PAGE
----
31 March 2009 Cornell University
New Method Applies Pesticides in Nanofibres to Keep Chemicals on Target
To prevent pesticides from drifting away and potentially posing risks to the environment, Cornell researchers have devised a solution: Apply the pesticides by encapsulating them in biodegradable nanofibres, which keeps then intact until needed and minimizes loss to drift or being washed away from the plants they are intended to protect.
To find out if pesticides delivered this way could really work, professor Michael Hoffmann's entomology group planted 4-by-4 millimeter squares of pesticide-loaded fabrics with pole bean seeds
"Our technology will decrease the amount of pesticides applied, which is good for the environment," said research associate Chunhui Xiang, Ph.D. '08, who worked on the new technology with Margaret Frey, associate professor of fiber science and apparel design in the College of Human Ecology, as well as Cornell experts in horticultural sciences and entomology. "All the materials are biodegradable and from renewable resources."
The new technology also extends how long the pesticides remain effective and improves the safety of applications. As the fibre biodegrades, the chemicals are slowly released into the soil.
Xiang, who was named the outstanding student of the American Chemical Society Division for Cellulose and Renewable Materials last year, presented the material at the American Chemical Society annual meeting, March 22-26, in Salt Lake City .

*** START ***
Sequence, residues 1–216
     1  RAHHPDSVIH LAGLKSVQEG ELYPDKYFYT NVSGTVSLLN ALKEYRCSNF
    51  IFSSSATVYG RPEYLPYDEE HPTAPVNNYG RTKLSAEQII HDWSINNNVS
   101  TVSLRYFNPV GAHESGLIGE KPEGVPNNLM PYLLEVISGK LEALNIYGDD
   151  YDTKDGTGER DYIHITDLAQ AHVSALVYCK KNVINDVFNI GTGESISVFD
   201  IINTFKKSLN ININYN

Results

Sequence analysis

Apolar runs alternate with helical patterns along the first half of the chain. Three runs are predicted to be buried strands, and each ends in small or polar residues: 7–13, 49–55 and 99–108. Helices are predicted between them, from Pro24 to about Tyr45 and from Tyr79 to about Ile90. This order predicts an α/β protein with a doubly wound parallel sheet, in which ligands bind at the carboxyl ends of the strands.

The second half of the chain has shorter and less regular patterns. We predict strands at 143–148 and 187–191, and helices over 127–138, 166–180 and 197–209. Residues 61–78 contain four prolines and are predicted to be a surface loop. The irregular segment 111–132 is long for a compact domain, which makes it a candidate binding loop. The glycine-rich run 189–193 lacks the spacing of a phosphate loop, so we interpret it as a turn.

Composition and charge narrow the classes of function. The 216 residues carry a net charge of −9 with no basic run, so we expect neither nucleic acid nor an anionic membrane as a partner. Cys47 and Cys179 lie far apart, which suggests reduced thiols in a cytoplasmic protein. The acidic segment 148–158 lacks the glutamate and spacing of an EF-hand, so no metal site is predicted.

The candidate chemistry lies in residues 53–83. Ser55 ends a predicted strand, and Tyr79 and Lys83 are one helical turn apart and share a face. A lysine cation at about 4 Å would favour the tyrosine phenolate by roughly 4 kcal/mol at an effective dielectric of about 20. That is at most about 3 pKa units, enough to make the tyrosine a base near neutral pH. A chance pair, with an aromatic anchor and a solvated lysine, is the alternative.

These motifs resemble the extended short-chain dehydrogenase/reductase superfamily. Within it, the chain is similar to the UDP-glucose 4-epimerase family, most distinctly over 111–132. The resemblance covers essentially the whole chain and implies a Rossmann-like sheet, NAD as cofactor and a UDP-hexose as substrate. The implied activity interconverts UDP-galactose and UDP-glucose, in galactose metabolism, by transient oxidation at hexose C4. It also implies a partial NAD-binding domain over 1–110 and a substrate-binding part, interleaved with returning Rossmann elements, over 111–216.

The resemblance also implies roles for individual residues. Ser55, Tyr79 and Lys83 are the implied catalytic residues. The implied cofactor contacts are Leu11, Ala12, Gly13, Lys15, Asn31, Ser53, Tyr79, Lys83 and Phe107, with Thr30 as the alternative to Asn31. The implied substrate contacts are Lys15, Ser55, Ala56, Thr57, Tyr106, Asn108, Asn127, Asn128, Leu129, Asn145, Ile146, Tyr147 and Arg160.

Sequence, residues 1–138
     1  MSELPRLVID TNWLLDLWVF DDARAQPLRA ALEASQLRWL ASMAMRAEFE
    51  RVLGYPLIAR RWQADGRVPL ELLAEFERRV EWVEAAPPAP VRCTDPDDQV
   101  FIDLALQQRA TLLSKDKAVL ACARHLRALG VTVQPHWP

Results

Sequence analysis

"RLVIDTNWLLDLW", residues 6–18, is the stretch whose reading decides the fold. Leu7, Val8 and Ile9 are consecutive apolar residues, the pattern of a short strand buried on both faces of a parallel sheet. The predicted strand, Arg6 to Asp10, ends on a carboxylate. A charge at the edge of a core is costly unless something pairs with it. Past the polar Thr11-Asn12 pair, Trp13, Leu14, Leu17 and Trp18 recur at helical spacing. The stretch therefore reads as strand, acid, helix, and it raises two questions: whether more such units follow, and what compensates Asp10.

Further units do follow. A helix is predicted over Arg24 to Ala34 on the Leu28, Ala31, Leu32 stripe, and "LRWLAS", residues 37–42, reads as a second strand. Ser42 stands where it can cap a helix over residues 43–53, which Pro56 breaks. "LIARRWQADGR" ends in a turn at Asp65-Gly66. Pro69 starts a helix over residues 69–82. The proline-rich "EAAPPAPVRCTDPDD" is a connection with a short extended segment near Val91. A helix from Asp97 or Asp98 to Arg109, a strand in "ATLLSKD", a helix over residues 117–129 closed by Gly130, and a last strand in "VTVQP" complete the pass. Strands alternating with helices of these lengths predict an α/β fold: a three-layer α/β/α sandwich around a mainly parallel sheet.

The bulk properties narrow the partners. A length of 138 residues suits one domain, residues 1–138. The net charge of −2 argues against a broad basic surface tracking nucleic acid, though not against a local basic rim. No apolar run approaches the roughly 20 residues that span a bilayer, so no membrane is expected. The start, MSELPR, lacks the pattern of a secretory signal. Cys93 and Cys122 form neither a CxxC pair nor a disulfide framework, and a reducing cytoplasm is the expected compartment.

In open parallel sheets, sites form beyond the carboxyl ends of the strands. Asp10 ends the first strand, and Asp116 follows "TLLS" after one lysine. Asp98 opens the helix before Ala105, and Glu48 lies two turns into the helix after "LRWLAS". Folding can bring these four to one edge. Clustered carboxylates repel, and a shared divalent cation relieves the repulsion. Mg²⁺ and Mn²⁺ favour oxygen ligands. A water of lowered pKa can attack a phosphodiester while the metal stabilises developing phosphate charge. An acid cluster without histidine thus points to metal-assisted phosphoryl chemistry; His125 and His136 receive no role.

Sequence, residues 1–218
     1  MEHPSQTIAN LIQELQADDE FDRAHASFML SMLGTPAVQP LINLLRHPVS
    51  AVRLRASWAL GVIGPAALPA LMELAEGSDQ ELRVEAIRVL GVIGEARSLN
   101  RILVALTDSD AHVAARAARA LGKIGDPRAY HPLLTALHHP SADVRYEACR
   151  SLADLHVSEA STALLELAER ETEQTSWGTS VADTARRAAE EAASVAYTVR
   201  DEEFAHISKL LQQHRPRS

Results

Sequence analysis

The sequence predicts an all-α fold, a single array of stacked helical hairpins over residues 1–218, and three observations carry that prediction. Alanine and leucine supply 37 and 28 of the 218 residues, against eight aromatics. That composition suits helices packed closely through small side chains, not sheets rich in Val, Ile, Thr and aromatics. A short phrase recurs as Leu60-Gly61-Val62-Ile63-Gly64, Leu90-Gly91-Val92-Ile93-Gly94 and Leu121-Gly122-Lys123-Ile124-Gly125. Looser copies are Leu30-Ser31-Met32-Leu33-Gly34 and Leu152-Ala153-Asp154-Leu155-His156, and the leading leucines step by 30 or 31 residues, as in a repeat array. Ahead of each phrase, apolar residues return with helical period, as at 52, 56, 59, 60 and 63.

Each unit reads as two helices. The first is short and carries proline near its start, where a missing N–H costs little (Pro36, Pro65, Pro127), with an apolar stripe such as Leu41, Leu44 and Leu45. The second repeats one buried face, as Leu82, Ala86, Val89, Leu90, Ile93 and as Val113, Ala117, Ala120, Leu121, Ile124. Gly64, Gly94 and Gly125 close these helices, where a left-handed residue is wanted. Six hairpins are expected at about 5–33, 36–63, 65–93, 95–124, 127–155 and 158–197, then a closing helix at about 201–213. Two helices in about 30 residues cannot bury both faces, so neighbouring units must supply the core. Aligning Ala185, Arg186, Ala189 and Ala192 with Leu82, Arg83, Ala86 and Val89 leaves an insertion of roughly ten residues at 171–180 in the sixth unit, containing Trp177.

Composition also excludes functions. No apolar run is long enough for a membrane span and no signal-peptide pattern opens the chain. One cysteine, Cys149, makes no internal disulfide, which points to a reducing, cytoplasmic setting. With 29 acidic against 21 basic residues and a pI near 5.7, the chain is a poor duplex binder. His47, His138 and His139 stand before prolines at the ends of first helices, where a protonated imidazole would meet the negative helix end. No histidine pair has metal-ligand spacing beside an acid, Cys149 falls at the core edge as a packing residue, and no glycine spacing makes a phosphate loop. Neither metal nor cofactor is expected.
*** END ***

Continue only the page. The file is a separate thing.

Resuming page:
"The chemical is protected, so it won't degrade from being exposed to air and water," Frey said. "It also keeps the chemical where it needs to be and allows it to time-release."
The delivery system is created by electrospinning solutions of cellulose, the pesticide and PLA -- a polymer derived from cornstarch.
For the initial trials, Xiang measured chemical delivery in the laboratory over a 16-week period. The individual fibers tested had a diameter more than 100 times finer than a human hair and could hold up to 50 percent of their weight in agricultural chemicals. The results showed that the chemical was released gradually over the entire four-month period, and that the rate of release could be adjusted by changing the composition of the fiber. The chemical itself did not degrade.
To find out if pesticides delivered this way could really work, professor Michael Hoffmann's entomology group planted 4-by-4 millimeter squares of pesticide-loaded fabrics with pole bean seeds in greenhouses on campus. Pesticide delivered from the fabric effectively controlled white flies on the bean plants.
Meanwhile, professor Alan Taylor's group in horticultural science is investigating use of these fibers to deliver pesticides with seed coating technologies. The team is also considering this system for direct application to plant leaves or stalks.
"It's the tip of the iceberg," Frey said.
This research is funded in part by federal Hatch funds, administered by the Cornell University Agricultural Experiment Station.
Sheri Hall is assistant communications director for the College of Human Ecology .
Source: www.news.cornell /...
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